Big Skate - Raja binoculata
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Big Skates (Raja binoculata) are found in temperate waters of the Eastern Pacific Ocean. Their range includes the Eastern Bering Sea and Aleutian Islands, West to Unalaska Island and South to Baja, California (U.S.) near Cedros Island. These skates can be found in waters from the intertidal range to depths of 394 feet (120 m.) inhabiting the coast in estuaries, bays, and over the continental shelf. Although this skate is sometimes observed in low stands of kelp, it is more common to find them on sandy and muddy bottoms where they can be seen hiding motionless in the bottom sediments with only eyes protruding, camouflaged from potential predators. When this skate does move, swimming occurs by the undulation of the pectoral fins, which makes the skate appear as though it is "flying" gracefully through the water.
The Big Skate was originally described by Girard, in 1855 as Raja binoculata. The genus name Raja is derived from the Latin "raja" meaning skate, and the species name binoculata means two eyes, referring to the spots on the pectoral fins. Big Skates are the largest members of the Rajidae family, growing up to 2.5 m. (8 ft.) long, and weighing up to 90 kg. (200 lbs.) They have a flattened diamond-shaped body with a stiff snout tapering to a blunt point. Their small eyes are positioned on the dorsal surface some distance from the pointed snout with large spiracles just posterior to the eyes. The mouth is on the ventral surface along with the five gill slits. The pectoral fins are not clearly distinct, attaching the snout with the body, and these fins have a concave anterior edge between the snout and pointed tips of the fins. The two small dorsal fins are located on the tail while the anal and caudal fins are absent. The pelvic fins on this skate are large, moderately concave, and weakly notched along the free margins and the tail is long and narrow with a fleshy keel on either side.
The Big Skate is an oviparous, or egg-laying, species. It has probably the largest egg capsules in the Rajidae family, with each measuring 9-12 inches (22.8-30.5 cm) long and 4-7 inches (11.0-19.4 cm) wide. The egg capsules are oblong in shape with horns at each corner and are the only known egg capsules to contain more than one egg inside along with the eggs of the Mottled Skate (R. pulchra). These egg capsules commonly contain 3-4 eggs; although up to 7 have been documented. The female releases the egg capsules in pairs on sandy or muddy substrate which hatch about nine months after being released from the female. The empty black egg cases referred to as mermaid's purses, sometimes wash ashore and are found by beach combers.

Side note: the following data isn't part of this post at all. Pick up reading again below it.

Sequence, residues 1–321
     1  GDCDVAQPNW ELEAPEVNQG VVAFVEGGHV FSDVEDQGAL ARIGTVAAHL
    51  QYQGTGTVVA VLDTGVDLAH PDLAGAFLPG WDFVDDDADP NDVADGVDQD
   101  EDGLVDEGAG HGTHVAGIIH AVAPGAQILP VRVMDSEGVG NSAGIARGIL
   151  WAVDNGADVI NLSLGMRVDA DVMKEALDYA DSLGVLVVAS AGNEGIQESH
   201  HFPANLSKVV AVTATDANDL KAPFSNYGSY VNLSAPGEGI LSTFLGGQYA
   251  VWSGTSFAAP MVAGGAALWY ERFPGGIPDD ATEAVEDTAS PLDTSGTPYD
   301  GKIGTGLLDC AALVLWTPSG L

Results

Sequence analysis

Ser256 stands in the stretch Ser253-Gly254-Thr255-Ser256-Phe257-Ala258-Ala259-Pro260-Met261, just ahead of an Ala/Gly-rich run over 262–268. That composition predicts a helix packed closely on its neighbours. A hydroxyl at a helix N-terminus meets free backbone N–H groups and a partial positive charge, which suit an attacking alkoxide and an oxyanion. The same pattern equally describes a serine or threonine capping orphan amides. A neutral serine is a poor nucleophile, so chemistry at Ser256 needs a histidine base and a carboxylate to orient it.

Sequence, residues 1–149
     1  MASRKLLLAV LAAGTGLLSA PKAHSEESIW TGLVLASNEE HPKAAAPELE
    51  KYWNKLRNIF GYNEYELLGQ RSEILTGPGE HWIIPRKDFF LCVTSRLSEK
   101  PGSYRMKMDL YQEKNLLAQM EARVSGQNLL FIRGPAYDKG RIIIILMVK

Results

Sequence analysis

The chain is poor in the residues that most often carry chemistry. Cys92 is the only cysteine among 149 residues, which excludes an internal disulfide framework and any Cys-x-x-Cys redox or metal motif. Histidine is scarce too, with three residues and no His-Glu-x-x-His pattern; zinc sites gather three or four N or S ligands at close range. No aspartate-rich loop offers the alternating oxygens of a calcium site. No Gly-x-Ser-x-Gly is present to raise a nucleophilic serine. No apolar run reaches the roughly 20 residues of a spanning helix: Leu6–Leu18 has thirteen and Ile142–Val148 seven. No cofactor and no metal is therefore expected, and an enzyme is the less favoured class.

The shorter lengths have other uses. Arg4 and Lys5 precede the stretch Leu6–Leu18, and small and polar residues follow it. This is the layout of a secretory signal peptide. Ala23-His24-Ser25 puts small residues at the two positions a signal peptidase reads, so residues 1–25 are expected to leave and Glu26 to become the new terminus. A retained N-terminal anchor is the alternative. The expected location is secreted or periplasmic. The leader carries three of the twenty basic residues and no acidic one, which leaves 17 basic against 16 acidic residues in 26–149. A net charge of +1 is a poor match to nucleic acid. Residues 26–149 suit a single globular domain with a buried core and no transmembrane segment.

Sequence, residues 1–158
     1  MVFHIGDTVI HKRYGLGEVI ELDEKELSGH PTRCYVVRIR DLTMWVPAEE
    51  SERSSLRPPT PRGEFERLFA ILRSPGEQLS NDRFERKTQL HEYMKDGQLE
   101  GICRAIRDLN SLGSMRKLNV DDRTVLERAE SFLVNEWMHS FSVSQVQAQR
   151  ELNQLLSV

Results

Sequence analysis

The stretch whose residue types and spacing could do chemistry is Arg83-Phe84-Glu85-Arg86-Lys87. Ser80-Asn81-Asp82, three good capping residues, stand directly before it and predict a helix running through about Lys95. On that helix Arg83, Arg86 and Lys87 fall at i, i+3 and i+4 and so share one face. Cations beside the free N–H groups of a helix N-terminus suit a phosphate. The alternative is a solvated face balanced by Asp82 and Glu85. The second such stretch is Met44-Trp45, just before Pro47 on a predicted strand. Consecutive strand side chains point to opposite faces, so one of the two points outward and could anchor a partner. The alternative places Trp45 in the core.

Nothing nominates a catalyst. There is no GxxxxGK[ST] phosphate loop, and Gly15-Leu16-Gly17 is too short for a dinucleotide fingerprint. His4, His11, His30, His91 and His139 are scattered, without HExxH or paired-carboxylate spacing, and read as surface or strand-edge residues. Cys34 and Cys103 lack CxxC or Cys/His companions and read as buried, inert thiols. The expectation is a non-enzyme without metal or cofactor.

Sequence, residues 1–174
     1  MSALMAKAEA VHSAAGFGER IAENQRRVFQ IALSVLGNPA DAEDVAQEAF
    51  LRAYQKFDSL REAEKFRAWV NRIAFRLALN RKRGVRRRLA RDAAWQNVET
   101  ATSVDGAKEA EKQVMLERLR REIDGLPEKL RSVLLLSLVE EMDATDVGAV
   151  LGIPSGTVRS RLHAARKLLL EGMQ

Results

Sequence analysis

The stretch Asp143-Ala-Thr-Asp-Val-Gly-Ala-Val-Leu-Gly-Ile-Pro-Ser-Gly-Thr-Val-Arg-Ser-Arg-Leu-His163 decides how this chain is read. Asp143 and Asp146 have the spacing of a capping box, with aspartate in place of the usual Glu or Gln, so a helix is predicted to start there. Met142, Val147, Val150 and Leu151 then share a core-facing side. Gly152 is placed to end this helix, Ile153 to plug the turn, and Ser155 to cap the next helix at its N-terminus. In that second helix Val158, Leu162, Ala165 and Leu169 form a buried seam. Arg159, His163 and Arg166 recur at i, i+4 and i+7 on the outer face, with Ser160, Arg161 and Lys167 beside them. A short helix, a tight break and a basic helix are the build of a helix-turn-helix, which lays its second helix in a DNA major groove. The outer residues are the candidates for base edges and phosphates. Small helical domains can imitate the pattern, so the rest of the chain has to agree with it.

Skates mature at a late age, have slow growth rates, and low reproductive rates, making skates potentially vulnerable to overfishing. The Big Skate is of only minor importance to commercial fisheries. However, it is often taken incidentally as bycatch primarily by bottom trawlers in the waters off the coast of California (U.S.). The pectoral fins are sometimes marketed as "skate wings" and as scallops (punched from the pectoral fins), although the flesh of skates is not highly regarded for human consumption. Anglers occasionally take this species, however they are usually released or discarded. All these factors make skates potentially vulnerable to overfishing, and as such, warrant close monitoring of populations.
Photographing skates and rays, or any other flat fish has its challenges as most of these creatures reside motionless on a flat substrate, usually sand. Sand can be a frustrating element in underwater photography. It is usually brighter and more reflective than the subject so it overexposes easily, and it is also easily stirred up by surge or divers and can be very slow to resettle. Photographing any subject in this medium presents a bland background to the viewer that renders the majority of skate and ray images unappealing except for their identification value. The best way to combat these issues is to get as low as you can to your subject and shoot horizontally. Try to incorporate bits of kelp or rocks into the shot, as breaking up the background will make all the difference to the mood of the image.
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